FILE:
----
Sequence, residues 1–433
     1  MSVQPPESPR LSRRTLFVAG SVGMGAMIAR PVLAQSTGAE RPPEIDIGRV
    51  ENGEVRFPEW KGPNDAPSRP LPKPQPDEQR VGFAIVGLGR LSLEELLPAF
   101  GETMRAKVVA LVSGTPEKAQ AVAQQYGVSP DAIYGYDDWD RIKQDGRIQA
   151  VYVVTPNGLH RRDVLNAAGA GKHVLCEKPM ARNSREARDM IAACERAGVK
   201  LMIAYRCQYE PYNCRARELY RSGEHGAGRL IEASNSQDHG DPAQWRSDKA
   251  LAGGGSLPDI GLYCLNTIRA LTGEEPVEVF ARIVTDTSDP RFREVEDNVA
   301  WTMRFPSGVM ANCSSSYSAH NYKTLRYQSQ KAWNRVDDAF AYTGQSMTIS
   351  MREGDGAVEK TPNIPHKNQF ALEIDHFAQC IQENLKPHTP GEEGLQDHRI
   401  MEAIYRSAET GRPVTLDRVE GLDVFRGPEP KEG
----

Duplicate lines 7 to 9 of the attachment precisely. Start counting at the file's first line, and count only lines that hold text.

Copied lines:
   251  LAGGGSLPDI GLYCLNTIRA LTGEEPVEVF ARIVTDTSDP RFREVEDNVA
   301  WTMRFPSGVM ANCSSSYSAH NYKTLRYQSQ KAWNRVDDAF AYTGQSMTIS
   351  MREGDGAVEK TPNIPHKNQF ALEIDHFAQC IQENLKPHTP GEEGLQDHRI